March 24, 2020

I see a lot of requests and recommendations for online learning resources for children who will be at home for an extended time. Every day, I think about this in my research on early learning, and I want to offer a few quick thoughts that I hope will help those families with children at home due to COVID-19.

  • Online resources. Common Sense Media is a great resource for age-appropriate learning recommendations backed up by research, including media EDC helped to develop and research. I’m also a huge fan of PBS KIDS—the original free educational media. In addition to research-based resources for children, PBS KIDS also has research-backed resources for parents and teachers.

Just a note: Screen time can refer to a lot of things. However, using screens effectively to engage in learning, especially together, is not what we worry about when we advocate for limiting children’s screen time.

  • Parent-child interactions.Learning is interactive and requires support. If you’re at home with your child, that’s great news! It’s a perfect time to practice some good engagement strategies. For example:
    • Play and view media (digital and hands-on games, videos, books) together
    • Talk about the media’s content
    • Practice strategies (e.g., asking questions, making predictions, and counting down from 5 to calm down) that characters model in the media
    • Make connections between the digital world and experiences and learning in the real world
  • Keep learning fun. Board games and other games are great ways to practice counting and number sense, reading and spelling, problem-solving, and persistence. These include any game that involves dice, movement in a sequence along a board, reading cards, following directions, or even playing something like Hangman.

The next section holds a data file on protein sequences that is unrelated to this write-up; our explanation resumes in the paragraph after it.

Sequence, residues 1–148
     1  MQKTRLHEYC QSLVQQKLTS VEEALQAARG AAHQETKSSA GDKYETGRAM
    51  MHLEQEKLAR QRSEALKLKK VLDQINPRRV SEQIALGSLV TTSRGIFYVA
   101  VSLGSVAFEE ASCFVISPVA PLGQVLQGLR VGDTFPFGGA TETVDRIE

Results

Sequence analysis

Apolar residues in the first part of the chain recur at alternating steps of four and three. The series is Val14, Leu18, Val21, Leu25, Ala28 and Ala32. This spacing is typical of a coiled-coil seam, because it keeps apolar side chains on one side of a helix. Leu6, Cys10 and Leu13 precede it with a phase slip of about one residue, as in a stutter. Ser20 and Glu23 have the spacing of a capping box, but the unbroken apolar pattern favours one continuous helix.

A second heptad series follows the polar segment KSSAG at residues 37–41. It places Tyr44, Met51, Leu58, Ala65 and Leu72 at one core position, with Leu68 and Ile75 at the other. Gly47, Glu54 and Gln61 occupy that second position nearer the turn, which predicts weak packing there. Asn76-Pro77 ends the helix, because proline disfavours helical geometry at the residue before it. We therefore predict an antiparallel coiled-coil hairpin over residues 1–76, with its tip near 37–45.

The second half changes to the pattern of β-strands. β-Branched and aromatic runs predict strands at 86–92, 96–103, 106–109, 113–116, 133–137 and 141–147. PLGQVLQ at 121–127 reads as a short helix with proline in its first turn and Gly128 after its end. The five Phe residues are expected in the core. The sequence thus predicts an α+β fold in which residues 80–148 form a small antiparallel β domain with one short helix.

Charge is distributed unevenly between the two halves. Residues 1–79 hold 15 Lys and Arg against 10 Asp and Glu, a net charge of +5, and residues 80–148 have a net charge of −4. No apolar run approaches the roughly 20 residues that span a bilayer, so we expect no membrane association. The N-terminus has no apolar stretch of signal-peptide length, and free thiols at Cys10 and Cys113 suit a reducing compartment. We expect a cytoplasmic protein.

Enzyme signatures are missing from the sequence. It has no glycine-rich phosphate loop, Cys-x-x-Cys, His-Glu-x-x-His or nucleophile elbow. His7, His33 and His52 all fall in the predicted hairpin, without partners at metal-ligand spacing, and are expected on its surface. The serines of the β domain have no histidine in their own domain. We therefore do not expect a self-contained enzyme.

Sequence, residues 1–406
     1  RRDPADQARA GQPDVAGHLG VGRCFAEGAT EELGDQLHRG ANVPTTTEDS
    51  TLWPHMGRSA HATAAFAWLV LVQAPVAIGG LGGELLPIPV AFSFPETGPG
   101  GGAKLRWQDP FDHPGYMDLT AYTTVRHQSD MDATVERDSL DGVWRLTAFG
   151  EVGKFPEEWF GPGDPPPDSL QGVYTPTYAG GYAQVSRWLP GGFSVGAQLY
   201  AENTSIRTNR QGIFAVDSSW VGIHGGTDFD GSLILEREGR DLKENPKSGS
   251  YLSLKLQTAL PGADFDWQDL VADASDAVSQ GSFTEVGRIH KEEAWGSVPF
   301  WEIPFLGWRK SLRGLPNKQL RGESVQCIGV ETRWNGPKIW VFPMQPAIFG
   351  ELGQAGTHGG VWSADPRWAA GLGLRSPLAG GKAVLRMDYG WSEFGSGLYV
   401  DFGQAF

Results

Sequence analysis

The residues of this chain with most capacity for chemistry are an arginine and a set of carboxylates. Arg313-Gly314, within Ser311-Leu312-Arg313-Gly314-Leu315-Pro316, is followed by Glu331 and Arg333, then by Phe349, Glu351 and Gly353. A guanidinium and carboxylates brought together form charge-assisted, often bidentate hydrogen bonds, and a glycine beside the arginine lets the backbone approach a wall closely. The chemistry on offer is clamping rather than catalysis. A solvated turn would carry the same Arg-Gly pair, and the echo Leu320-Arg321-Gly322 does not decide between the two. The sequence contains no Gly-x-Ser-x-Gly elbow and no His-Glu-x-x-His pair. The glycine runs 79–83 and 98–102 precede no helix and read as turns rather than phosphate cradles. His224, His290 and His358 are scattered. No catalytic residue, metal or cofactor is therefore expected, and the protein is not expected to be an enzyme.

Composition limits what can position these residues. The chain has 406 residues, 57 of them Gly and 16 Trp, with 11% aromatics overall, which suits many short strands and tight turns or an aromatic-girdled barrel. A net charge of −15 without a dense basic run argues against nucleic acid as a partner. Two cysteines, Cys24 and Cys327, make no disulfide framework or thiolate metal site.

• Different ways to explore literacy.Reading is important, but there are lots of ways to support children’s literacy. Just a few ideas:
    • Tell or re-tell stories
    • Draw or write in meaningful ways (e.g., thank you notes, captioning a picture, recording a schedule)
    • Act out stories
    • Assemble pictures to tell a story
  • Get moving. Remember that your kids still need to move around. Get outside if you can, or use videos or apps to have a dance party or hold a yoga class. Common Sense Media and PBS KIDS are great resources for these types of media.

Finally, be kind to yourself as you adjust to this new normal. Spending quality time together matters, and it will help your family build good memories during this stressful time.

Deborah Rosenfeld is a senior research associate at the Center for Children and Technology at EDC, where she designs and studies digital and hands-on materials to support early learning, especially in the areas of STEM. She is also a parent of four kids who are now all suddenly at home and who will be part of this new learning adventure.
Early Childhood Development and Learning

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